The biker, who was the face of the Harley Davidson-riding counterculture, died peacefully surrounded by his wife Zorona and loved ones.
His death was confirmed on his Facebook page, in an announcement pre-written by the biker before his passing where he spoke of his live “filled with adventure” and paid tribute to the “amazing club” that he founded.
“If you are reading this message, you’ll know that I’m gone. I’ve asked that this note be posted immediately after my passing,” read the Facebook post.
“I’ve lived a long and good life filled with adventure. And I’ve had the privilege to be part of an amazing club.
“Although I’ve had a public persona for decades, i’ve mostly enjoyed special time with my club brothers, my family, and close friends.”
The message continued: “Please know that I passed peacefully after a brief battle with cancer,” he wrote.
“But also know that in the end, I was surrounded by what really matters: My wife, Zorana, as well as my loved ones.”
He closed out the announcement with a message to his followers and fellow bikers: “Keep your head up high, stay loyal, remain free, and always value honor. Sonny HAMCO.”
Born in Modesto, California, Barger shot to notoriety after founding the original Hells Angels chapter in Oakland, California, in 1957.
He went on to become the club’s national president and helped lead it to international fame, reported The Mercury News.
Aside from their instantly recognisable image of bearded, denim-clad motorcyclists riding Harley Davidsons, the Hells Angels – and Barger – became just as well-known for its brushes with the law.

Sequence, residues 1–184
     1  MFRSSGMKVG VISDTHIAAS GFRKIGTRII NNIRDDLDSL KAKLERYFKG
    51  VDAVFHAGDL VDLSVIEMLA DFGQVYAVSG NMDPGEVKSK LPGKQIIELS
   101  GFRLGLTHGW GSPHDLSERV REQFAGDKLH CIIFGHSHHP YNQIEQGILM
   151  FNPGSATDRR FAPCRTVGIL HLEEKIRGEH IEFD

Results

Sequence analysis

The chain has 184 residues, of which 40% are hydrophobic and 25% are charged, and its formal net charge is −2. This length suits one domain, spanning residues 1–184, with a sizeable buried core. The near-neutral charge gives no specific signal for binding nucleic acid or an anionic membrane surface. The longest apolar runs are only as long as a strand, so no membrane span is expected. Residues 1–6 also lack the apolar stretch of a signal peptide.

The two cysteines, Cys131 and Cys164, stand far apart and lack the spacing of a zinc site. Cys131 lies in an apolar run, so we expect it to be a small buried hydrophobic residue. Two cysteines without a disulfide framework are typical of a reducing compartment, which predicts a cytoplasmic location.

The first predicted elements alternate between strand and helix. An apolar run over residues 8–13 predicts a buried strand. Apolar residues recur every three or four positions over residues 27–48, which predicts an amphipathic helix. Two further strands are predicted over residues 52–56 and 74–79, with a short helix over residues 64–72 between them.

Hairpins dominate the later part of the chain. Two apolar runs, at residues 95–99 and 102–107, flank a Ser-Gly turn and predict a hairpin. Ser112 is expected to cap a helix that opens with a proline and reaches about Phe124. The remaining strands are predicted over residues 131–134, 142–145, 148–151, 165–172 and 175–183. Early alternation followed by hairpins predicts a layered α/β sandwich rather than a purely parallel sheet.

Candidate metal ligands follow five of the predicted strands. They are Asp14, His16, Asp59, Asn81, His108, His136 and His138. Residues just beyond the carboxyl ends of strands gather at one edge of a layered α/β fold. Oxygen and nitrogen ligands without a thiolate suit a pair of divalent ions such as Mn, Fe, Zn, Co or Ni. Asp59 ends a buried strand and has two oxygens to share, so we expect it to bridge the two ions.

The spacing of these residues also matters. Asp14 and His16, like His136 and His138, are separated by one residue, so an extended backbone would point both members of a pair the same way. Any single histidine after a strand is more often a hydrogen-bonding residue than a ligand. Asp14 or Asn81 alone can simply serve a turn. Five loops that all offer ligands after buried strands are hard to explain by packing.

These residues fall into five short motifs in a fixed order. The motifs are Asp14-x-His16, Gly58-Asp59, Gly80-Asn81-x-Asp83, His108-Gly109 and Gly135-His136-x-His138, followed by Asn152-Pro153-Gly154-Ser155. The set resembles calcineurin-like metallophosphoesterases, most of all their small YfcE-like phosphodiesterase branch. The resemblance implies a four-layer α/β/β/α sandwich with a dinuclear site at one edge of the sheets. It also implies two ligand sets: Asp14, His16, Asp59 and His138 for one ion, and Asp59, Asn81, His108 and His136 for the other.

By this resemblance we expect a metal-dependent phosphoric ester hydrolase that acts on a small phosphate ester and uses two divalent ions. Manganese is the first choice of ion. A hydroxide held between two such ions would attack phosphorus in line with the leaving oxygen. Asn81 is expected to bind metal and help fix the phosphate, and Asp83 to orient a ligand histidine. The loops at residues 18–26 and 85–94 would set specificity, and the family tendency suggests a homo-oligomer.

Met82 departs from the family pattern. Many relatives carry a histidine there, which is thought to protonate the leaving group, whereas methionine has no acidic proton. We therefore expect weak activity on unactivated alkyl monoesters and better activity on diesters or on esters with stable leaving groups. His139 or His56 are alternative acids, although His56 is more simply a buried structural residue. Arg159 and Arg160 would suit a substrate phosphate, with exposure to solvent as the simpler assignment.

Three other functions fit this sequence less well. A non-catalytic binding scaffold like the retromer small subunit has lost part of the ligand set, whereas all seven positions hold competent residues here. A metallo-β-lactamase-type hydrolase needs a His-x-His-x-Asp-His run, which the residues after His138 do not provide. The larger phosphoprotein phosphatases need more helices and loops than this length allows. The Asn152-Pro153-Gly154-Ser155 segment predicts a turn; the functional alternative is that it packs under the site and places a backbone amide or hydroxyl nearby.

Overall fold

In 1972, Barger and three other Angels were accused of murdering a Texas drug dealer in California before setting a building on fire.
All four were acquitted of the charges at trial.
Eight years later, Barger again avoided prison time in 1980 on a racketeering case.
In 1988, he was convicted of conspiracy to kill members of a rival motorcylcing club in Kentucky and blow up their headquarters.
He served five years in federal prison on the charges.
Barger also spent another eight years in and out of prison on various drug and firearms charges.
While the authorities have long claimed the Hells Angels was a criminal enterprise, Barger long accused the government of trying to oppress and target the club.
However, he also once proudly described the club as a band of “card-carrying felons”.
Later in life, Barger moved to Arizona for health reasons but then returned to his home state in 2016.
Join our commenting forum
Join thought-provoking conversations, follow other Independent readers and see their replies